Good musicians don’t grow on trees. John Paul II knew that, as did his predecessors. Vatican II endorsed the musical formation of the clergy…Churches have established many other schools that deserve to be supported and reinforced by an ever better knowledge and performance of good liturgical music. A hundred years ago, or even forty, the setting up of a music school would be assumed to be a resident/bricks-and-mortar thing. I doubt this is possible or truly necessary. Conferences, seminars, and even colloquia serve this role nicely on a few levels for different people. Charles and others: thoughts?
What synchronicity, as I replied:
T)his very subject as it came up in many conversations at SLC, namely if “endowed” (in whatever sense of the word is appropriate) parishes and cathedrals would offer musical/performance learning opportunities for the at-large faithful on a regular basis that are sequential and truly beneficial. Apparently there are not a few of us doing that. We just had our first session this last Tuesday night. When we first publicized the sessions, we would have been happy with an ideal enrollement of eight. Thirty-two people of all ages showed up, most of them unknown to us in formal music ministry!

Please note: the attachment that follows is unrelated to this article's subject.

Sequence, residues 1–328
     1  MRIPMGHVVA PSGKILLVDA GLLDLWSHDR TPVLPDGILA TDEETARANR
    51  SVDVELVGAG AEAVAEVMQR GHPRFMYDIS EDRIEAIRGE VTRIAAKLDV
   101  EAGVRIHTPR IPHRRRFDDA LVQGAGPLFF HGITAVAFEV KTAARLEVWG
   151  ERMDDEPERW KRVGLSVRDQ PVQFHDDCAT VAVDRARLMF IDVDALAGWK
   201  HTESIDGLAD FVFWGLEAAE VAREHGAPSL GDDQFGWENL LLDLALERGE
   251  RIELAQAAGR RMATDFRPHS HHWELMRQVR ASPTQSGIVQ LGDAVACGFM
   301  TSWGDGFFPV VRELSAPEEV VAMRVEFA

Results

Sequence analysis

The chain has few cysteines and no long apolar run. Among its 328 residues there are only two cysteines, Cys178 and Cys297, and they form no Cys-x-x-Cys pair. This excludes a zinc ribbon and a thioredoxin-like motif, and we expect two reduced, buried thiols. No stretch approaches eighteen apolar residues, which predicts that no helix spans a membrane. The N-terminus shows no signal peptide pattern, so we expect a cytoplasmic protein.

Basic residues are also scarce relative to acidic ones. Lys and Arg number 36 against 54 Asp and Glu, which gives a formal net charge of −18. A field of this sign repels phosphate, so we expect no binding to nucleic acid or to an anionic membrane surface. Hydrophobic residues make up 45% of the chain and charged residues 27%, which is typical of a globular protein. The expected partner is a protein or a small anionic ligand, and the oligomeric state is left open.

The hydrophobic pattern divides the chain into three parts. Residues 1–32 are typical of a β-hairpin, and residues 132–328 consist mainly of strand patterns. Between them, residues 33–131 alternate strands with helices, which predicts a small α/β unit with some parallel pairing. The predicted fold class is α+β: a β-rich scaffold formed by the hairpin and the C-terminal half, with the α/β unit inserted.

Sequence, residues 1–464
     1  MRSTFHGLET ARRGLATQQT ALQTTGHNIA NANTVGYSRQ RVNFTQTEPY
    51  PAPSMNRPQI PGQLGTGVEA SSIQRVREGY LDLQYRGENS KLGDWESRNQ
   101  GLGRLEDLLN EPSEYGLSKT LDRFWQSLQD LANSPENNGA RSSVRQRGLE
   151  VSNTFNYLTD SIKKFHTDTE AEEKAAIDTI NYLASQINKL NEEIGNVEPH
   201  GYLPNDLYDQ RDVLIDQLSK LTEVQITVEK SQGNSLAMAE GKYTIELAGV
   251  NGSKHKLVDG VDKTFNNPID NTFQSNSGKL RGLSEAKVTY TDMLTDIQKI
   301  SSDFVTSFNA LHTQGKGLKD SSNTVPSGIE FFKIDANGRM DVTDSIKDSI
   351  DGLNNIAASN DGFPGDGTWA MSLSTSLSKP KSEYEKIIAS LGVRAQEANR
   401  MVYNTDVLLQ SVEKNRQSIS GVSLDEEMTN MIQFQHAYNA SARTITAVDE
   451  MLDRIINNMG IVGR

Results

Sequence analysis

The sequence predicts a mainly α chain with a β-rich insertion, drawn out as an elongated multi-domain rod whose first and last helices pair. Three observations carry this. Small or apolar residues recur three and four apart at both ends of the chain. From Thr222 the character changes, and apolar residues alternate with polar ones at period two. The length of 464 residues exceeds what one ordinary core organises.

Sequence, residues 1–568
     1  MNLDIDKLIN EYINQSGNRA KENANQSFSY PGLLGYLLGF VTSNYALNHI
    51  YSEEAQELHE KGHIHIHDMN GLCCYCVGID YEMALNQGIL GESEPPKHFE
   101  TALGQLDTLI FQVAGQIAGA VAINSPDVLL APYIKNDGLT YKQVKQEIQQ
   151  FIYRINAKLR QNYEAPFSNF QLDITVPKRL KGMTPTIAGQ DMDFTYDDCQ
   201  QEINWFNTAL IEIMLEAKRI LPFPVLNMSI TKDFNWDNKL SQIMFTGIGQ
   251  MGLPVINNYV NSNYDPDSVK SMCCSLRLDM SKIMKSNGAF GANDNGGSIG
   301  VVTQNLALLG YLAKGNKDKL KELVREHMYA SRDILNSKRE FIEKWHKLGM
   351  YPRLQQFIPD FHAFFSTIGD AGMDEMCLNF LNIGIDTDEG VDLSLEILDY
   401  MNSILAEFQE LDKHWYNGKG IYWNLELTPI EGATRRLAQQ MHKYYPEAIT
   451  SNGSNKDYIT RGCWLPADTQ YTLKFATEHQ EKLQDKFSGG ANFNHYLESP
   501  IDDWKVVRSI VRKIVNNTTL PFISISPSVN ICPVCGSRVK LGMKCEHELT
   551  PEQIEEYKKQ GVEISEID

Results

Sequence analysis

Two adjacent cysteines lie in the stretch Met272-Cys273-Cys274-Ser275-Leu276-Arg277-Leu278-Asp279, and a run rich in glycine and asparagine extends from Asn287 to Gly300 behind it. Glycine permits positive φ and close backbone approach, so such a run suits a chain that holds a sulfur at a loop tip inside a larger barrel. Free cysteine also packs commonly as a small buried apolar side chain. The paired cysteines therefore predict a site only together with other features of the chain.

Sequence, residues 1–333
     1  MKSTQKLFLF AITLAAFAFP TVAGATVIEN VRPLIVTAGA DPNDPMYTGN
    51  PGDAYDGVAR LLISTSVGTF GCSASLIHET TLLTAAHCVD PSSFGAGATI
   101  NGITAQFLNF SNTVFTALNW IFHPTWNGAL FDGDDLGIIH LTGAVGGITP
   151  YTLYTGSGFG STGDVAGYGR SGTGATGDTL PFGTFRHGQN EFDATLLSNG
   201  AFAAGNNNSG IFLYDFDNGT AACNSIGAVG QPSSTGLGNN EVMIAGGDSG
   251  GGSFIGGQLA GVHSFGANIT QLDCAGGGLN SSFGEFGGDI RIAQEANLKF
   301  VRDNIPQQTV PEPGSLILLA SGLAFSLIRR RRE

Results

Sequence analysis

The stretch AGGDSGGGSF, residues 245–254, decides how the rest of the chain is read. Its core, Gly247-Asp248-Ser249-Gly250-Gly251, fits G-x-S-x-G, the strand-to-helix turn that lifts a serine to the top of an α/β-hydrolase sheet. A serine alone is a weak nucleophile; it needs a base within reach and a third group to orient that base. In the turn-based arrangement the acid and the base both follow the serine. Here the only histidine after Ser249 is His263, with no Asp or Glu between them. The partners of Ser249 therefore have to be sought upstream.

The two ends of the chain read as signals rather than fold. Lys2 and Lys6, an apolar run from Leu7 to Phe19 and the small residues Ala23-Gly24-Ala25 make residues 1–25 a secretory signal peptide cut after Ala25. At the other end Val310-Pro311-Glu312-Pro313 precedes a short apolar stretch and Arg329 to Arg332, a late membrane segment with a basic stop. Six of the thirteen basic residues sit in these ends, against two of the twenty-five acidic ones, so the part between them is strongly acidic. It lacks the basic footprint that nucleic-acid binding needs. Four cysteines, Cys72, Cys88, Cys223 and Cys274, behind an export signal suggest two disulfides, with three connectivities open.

It was almost overwhelming the level of interest that bubbled up from folks unknown to us for nearly 20 years in the parishes. And we do make concerted efforts throughout the leadership for new membership and our ensembles do receive new members on a regular basis. What struck me, which is captured perfectly in this video clip of the first meeting this last Tuesday (7-10) was the ease with which people crammed into a little meeting space not only confirmed their comprehensional grasp of what solfeggio is and does, but how responsive to actually singing the musical’s song they proved! So, I think Todd and all at SLC that I encountered who mentioned they were involved or were going to initiate such opportunities are really onto something with great potential.